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in private, so as to be little known to the world; bat when they were but a few, even a few, and strangers in the land where they sojourned, they went from nation to nation, and from one kingdom to another people, and God suffered no man to do them wrong, but reproved even kings for their sakes.* The name of Abraham was eminently famous in most nations of. the then inhabited world; and I cannot but think it probable, that the kings of many countries might greatly mistake the design of God toward him and his descendants, as the Jews themselves afterward* did, when they came to have a nearer expectation of their Messiah, and imagined that he was to be a mighty temporal prince to subdue all their enemies. In this manner the early kings might misinterpret the promises to Abraham, and think that in time his descendants were to cover the foce of the earth, and to be the governors of all nations. I cannot say whether the Hittiles might not in some measure be of this opinion, when they styled Abraham (Nesi Elohim)', Rw«tet/r itaqa. &e« say the Lxx, i. e. a prince from or appointed by God; and perhaps Abimelech might apprehend that Abraham's posterity would in time become the possessors of his country; and being willing to put off the evil for at least three generations, he made a league with him, and obtained a promise, that he-would not afflict his people, during his time, nor in the days of his son, or his son's son.r Thus the promises, and < ■ '■ -.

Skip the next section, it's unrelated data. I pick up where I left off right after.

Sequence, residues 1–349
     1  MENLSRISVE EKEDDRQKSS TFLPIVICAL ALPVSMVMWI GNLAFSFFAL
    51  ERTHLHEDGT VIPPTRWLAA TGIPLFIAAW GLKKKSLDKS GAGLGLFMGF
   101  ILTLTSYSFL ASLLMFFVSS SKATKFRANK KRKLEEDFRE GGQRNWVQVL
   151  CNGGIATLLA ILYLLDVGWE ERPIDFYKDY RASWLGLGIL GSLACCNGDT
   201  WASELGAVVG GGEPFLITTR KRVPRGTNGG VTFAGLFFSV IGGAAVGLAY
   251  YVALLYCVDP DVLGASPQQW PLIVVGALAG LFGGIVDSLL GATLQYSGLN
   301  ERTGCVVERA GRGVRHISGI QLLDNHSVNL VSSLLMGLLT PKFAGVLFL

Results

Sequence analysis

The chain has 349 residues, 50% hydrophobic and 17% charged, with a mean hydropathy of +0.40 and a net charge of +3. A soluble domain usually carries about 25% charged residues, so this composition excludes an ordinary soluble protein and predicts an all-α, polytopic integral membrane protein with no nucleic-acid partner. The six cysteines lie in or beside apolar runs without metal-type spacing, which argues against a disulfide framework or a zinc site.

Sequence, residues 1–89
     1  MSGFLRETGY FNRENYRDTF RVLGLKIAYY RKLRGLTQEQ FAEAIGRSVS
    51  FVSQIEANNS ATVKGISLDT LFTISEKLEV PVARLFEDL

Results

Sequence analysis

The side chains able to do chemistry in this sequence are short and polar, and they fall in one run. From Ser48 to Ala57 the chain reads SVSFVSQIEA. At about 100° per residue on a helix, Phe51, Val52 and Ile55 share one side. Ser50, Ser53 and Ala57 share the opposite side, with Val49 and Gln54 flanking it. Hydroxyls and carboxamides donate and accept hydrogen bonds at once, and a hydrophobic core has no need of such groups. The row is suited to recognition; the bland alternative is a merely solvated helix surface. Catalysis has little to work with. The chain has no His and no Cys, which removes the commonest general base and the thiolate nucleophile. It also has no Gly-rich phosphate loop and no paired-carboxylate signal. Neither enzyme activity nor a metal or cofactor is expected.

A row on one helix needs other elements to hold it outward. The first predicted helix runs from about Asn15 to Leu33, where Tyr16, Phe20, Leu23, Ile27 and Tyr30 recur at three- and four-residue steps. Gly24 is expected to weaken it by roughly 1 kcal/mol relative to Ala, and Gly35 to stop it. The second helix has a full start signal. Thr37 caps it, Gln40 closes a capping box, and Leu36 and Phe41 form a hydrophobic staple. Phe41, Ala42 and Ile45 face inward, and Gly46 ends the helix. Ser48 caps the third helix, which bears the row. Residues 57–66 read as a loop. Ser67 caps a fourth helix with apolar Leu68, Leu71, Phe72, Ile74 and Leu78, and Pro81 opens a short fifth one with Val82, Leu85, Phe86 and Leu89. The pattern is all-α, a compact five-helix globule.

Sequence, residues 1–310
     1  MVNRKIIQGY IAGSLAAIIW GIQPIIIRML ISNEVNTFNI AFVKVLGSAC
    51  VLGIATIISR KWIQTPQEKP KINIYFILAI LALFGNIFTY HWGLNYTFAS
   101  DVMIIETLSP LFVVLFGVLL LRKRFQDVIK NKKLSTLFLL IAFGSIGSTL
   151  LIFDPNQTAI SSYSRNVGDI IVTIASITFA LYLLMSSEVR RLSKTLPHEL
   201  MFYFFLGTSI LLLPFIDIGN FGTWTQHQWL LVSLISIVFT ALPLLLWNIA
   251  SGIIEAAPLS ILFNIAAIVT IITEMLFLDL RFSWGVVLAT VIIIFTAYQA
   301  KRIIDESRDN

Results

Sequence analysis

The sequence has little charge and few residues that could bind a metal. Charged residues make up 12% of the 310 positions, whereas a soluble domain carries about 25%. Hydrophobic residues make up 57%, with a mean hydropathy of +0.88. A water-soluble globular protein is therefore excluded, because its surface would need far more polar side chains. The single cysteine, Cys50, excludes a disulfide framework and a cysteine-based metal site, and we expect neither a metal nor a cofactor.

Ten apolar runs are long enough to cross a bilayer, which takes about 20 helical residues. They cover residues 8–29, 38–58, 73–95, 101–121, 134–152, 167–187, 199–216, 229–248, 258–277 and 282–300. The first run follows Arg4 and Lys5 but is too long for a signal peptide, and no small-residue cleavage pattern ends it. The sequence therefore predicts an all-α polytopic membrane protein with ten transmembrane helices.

» Psalm cv. 12, 13, 14. * Gen. xxiiu «.
r Gen. xxi. 23.
the prophesies to Abraham and his children, might be thought to run contrary to the views and interests of the kings and heads of nations; and they might therefore think it good policy to divert their people from" attending too much to them. And for this end, they being in their kingdoms the chief directors iii religion, they might, upon the foundation of literature, and human science, form tfttch schemes of augury, astro1logy, vaticination, omens, prodigies and enchantments, as the magicians of Egypt became famous for, in order to make religion more subservient to theiT interests; and' in these they proceeded from one step to another1, in v?hat they undoubtedly thought to be the result of rational enquiry; until in Moses' time the rulers of the Egyptian nation, who Were then the most learned body in the world, beguiled by the deceit of vain philosophy, and too politically engaged to attend duly to any arguments which might convince them of their errors, were arrived at so intrepid an infidelity, fhnt the greatest miracles had no effect upon them. I am sensible that these points have been set in a different light by some writers; but perhaps there may be reason to re-efcanvihe them. The Pagrtn divinations, aits of prophesy, and all their sorceries1 and enchantments, as Wei! as their idolatry and worship of false gods Were founded, not upon superstition, but upon learning and philosophical study; riot upon too great a belief of and adherence to revelation, but upon a pretended knowledge of the powers of nature. Their great and learned men erred in these points, not for want of free-thinking, such as they called it; but their opi